9. Long-Billed Hermit (Phaethornis longirostris)
The Long-Billed Hermit, scientifically known as Phaethornis longirostris, is a small hummingbird species found in Central and South America. It is known for its distinctively long, curved bill, which gives it its name.
The Long-Billed Hermit is typically around 4-5 inches in length.
The bill itself can measure up to 2 inches, which is considerably long. This adaptation allows the bird to access the nectar of long, tubular flowers that are inaccessible to other hummingbirds with shorter bills.
They are often found in forested habitats, where they feed on nectar from a variety of flowering plants. These birds are important pollinators, as their long bills enable them to reach the nectar hidden deep within the flower. They also feed on small insects and spiders, which provide an additional source of nutrition.
Males have striking plumage, featuring green upperparts and a white underbelly with cinnamon-colored streaks. They also have a distinctive reddish-brown tail. Females, on the other hand, have duller plumage with more muted colors.
10. American Woodcock (Scolopax minor)
The American Woodcock is a medium-sized wading bird found in woodland habitats of eastern North America. Despite its somewhat unassuming appearance, it possesses fascinating adaptations for its unique feeding behavior. The American Woodcock has a plump body, relatively short legs, and a long, slender bill that is sensitive at the tip.
Its eyes are situated high on its head, allowing for a wide field of vision.
These birds are primarily active during the twilight hours. Feeding primarily on earthworms and other soil-dwelling invertebrates, the American Woodcock uses its long bill to probe the soil in search of prey. The bill is flexible and sensitive at the tip, allowing it to detect the movements of earthworms beneath the surface.
It then uses its bill to grasp and extract the prey from the ground.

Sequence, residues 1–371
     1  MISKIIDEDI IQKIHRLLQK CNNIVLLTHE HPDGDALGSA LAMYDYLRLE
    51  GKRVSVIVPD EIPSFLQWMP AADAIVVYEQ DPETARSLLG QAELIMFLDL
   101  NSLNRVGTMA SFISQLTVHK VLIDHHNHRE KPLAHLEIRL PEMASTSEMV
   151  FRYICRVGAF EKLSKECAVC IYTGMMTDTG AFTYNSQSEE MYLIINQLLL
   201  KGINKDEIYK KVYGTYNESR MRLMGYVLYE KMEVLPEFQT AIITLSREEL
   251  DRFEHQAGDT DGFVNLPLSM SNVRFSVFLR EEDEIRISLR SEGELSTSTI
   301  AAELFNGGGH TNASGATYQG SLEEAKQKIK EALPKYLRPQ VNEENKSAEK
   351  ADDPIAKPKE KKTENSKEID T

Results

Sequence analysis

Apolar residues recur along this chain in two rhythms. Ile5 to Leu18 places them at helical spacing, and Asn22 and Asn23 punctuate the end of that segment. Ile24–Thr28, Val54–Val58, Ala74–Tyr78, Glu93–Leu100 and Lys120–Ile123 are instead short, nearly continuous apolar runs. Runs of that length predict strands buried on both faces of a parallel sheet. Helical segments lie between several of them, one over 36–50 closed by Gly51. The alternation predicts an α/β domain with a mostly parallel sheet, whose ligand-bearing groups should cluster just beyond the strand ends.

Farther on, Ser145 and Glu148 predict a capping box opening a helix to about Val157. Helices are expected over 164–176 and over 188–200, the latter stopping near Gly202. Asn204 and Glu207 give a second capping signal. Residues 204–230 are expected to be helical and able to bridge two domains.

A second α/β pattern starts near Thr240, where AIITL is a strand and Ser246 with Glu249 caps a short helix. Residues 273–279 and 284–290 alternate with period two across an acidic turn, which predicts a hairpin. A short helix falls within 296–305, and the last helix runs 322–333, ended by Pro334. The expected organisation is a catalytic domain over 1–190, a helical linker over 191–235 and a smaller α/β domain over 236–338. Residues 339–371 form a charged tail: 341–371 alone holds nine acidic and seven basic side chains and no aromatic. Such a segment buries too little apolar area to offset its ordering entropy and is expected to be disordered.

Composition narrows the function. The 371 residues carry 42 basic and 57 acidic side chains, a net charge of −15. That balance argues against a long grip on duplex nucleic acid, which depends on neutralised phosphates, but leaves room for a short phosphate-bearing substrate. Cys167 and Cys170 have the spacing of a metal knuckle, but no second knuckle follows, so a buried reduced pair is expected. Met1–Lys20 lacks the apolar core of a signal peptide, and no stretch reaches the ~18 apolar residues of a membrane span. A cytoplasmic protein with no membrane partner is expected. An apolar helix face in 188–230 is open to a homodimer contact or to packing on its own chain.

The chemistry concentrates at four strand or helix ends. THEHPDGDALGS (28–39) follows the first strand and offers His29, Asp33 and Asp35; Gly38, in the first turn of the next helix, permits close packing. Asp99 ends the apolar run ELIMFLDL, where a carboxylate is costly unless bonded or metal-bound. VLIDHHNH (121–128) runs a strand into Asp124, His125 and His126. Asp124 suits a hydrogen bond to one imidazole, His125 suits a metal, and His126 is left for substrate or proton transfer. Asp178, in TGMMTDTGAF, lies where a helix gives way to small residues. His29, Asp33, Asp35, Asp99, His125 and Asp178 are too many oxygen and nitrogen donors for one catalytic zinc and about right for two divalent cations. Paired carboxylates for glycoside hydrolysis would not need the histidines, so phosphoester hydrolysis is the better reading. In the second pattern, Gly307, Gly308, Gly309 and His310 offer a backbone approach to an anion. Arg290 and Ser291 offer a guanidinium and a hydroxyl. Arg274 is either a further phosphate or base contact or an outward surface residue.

American Woodcocks are well-camouflaged birds, with mottled brownish plumage that blends with their woodland surroundings. They rely on their camouflage and the "freeze" strategy to avoid detection by potential predators.
11. Red Crossbill (Loxia curvirostra)
Red Crossbills are small finches with a unique crossed beak. Measuring about 6 inches in length, these finches have variable plumage colors. They are found in coniferous forests across North America, Europe, and Asia.
Red Crossbills have variable plumage colors.
The crossed tips of the Red Crossbill's beak allow it to pry open the scales of conifer cones and access the seeds within. Their specialized bill adaptation enables them to exploit a niche food source that other birds may find challenging to access.
12. Common Redshank (Tringa totanus)
Common Redshanks are medium-sized wading birds. They have long, slender beaks and measure around 8 inches in length. These birds have mottled brownish plumage and long red legs. They are found in wetlands, marshes, and coastal areas across Europe and Asia.
These birds probe mud in marshes to hunt for crustaceans and other prey.
Common Redshanks use their beak to probe mud and shallow water to find invertebrates, small fish, and crustaceans. Their long bill allows them to reach deep into the substrate to capture prey items.
13. Brown Creeper (Certhia Americana)